Conrad-Johnson Premier 15 phono preamplifier Measurements

Sidebar 3: Measurements

The Premier 15 was noninverting, as specified, and its voltage gain at 1kHz was also to spec at 53.25dB, with a 0.04dB difference between channels—which is superb matching, considering the lack of any loop negative feedback. As used by MF, the review sample was set to 47k ohms input impedance; I actually measured 41.5k ohms. The output impedance was slightly higher than specified, at 323 ohms at 20kHz and 328 ohms at 1kHz, with a rise to 1602 ohms at 20Hz. The line preamplifier with which the Premier 15 is partnered should have as high an input impedance as possible if you don't want a "lean" balance. The 12.5k ohms offered by Conrad-Johnson's own ART preamp is about as low as you should go, I feel.

The Conrad-Johnson's RIAA error is shown in fig.1. The top two traces are with the unit's subsonic filter switched out, the bottom pair with it switched into circuit. As well as rolling off the bass (-3dB around 16Hz), the filter drops the overall level by 0.5dB. Otherwise, the Premier 15's response is very flat, the preamp easily meeting its RIAA specification. Channel separation (fig.2) was only fair, but still better than any phono cartridge. Some high-frequency spuriae could be seen riding on top of the crosstalk, but this was well down in level.

Fig.1 Conrad-Johnson Premier 15, RIAA error into 100k ohms at 5mV/1kHz input (right channel dashed, 0.5dB/vertical div.). Bottom traces are with subsonic filter switched into circuit.

Fig.2 Conrad-Johnson Premier 15, crosstalk (from top to bottom): L-R, R-L (5dB/vertical div.).

Despite its use of tubes, the C-J's noise levels were acceptably low, at least when referred to a 10mV input signal at 1kHz: 68dB unweighted (10Hz-500kHz bandwidth), 71dB unweighted (22Hz-22kHz bandwidth), and 90dB A-weighted. These figures were for the left channel, the right channel being around 3dB quieter. Fig.3 shows a wideband spectral analysis of the Premier 15's noise floor, again referenced to a 10mV/1kHz input level. There is a rise in noise at low frequencies due to the gain stage following the RIAA equalization, but the noise is otherwise low in level. Some AC components can be seen in this graph—180Hz in the left channel, 120Hz in the right channel, 60Hz in both—but these are still sufficiently low not to be a problem.

Fig.3 Conrad-Johnson Premier 15, spectrum of noise floor ref. 10mV input at 1kHz (right channel dashed).

Distortion levels were below 0.1% into 100k ohm loads, but rose drastically into loads of less than 1k ohm or at high levels, and less so at the edges of the audio band. Fig.4, for example, shows the spectrum of the C-J's output while it drove 50Hz at a very high level (3.3V) into 100k ohms. Even so, the only significant distortion components present are the second harmonic (100Hz) and third harmonic (150Hz), at 0.3% and 0.03%, respectively. Considering the complete absence of negative feedback other than what's inherent in the output cathode-follower stage, this is astonishingly linear behavior. But again, the Premier 15 needs to see a line preamplifier with a high input impedance if that superb linearity is not to be compromised.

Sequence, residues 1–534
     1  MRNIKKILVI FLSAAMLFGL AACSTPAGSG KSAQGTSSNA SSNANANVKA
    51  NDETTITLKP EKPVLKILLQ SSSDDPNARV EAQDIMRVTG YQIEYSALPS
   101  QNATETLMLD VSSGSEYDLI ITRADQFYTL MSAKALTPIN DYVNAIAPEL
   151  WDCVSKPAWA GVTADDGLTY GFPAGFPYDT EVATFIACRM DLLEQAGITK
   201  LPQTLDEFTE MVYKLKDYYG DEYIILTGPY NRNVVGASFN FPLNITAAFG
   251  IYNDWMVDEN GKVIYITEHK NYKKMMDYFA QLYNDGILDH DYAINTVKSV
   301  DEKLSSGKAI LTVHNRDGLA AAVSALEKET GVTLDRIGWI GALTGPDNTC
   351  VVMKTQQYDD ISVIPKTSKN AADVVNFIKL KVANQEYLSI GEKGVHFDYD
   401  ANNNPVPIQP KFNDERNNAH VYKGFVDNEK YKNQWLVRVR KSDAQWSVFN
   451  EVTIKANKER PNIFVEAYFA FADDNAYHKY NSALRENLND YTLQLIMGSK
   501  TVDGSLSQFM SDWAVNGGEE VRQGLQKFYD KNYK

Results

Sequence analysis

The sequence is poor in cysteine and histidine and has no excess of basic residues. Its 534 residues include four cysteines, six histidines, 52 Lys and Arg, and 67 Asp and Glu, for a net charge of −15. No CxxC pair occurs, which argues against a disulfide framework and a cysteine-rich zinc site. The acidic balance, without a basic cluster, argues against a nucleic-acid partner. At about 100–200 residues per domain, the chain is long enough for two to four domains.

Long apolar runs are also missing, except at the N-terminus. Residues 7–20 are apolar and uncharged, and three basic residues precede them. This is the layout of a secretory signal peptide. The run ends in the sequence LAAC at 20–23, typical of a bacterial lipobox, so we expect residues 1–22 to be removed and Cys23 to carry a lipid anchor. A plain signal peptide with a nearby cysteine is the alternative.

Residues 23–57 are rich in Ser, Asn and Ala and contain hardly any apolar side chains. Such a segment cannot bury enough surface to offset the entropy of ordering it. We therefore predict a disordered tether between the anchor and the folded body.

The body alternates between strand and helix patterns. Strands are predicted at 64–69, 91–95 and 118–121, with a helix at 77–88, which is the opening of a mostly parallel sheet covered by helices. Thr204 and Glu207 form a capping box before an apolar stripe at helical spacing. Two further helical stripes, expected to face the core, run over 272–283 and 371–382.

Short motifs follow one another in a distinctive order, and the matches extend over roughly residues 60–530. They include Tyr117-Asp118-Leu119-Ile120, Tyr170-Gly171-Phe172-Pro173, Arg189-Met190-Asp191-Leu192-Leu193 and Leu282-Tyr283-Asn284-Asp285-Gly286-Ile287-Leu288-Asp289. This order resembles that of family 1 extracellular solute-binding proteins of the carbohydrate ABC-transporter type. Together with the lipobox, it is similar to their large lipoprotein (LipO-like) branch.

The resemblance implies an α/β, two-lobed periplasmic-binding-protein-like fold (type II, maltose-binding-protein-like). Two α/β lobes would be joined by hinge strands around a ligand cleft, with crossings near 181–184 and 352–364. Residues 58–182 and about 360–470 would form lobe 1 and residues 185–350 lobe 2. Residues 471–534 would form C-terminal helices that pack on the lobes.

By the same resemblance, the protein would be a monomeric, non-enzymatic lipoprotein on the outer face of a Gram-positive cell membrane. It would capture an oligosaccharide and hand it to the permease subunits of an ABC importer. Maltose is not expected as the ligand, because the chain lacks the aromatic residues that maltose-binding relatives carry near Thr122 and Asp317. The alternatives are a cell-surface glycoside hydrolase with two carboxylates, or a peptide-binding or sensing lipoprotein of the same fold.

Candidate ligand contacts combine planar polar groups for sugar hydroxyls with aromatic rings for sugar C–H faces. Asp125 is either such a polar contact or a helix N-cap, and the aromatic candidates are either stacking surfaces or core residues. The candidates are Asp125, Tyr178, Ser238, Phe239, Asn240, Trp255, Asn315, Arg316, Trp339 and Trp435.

Fig.4 Conrad-Johnson Premier 15, spectrum of 50Hz at 3.3V RMS into 10k ohms.

Finally, fig.5 shows the preamp's THD+noise percentage plotted against its output voltage. The apparent reduction in THD as the signal level rises toward 1V is due to the noise increasingly becoming a smaller fraction of the THD+N figure. This is followed by a "knee" in the trace representing the unit's residual distortion level, and a rise as the circuit becomes less linear with increasing level. The leftmost trace is for 20Hz, followed by 20kHz and 1kHz. With typical MC cartridges, the Premier 15 will not be asked to deliver an output signal that will drive it into significant nonlinearity. The overload margins, assuming a typical MC output level of 500µV at 1kHz, are 10mV, 46dB (20Hz); 63mV, 42dB (1kHz); and 310mV, 35.9dB (20kHz)—all superb figures, and the best I have ever measured. Although I assume it has been optimized for use with MC cartridges, this phono stage has sufficient high-level linearity to work with typical MM cartridges.

Fig.5 Conrad-Johnson Premier 15, distortion (%) vs output voltage (V) into 100k ohms with (l-r) 20Hz, 20kHz, and 1kHz signals.

It is always a pleasure to measure a component that has so obviously been designed by engineers who know what they're doing. Such was the case with Conrad-Johnson's Premier 15 phono stage.—John Atkinson

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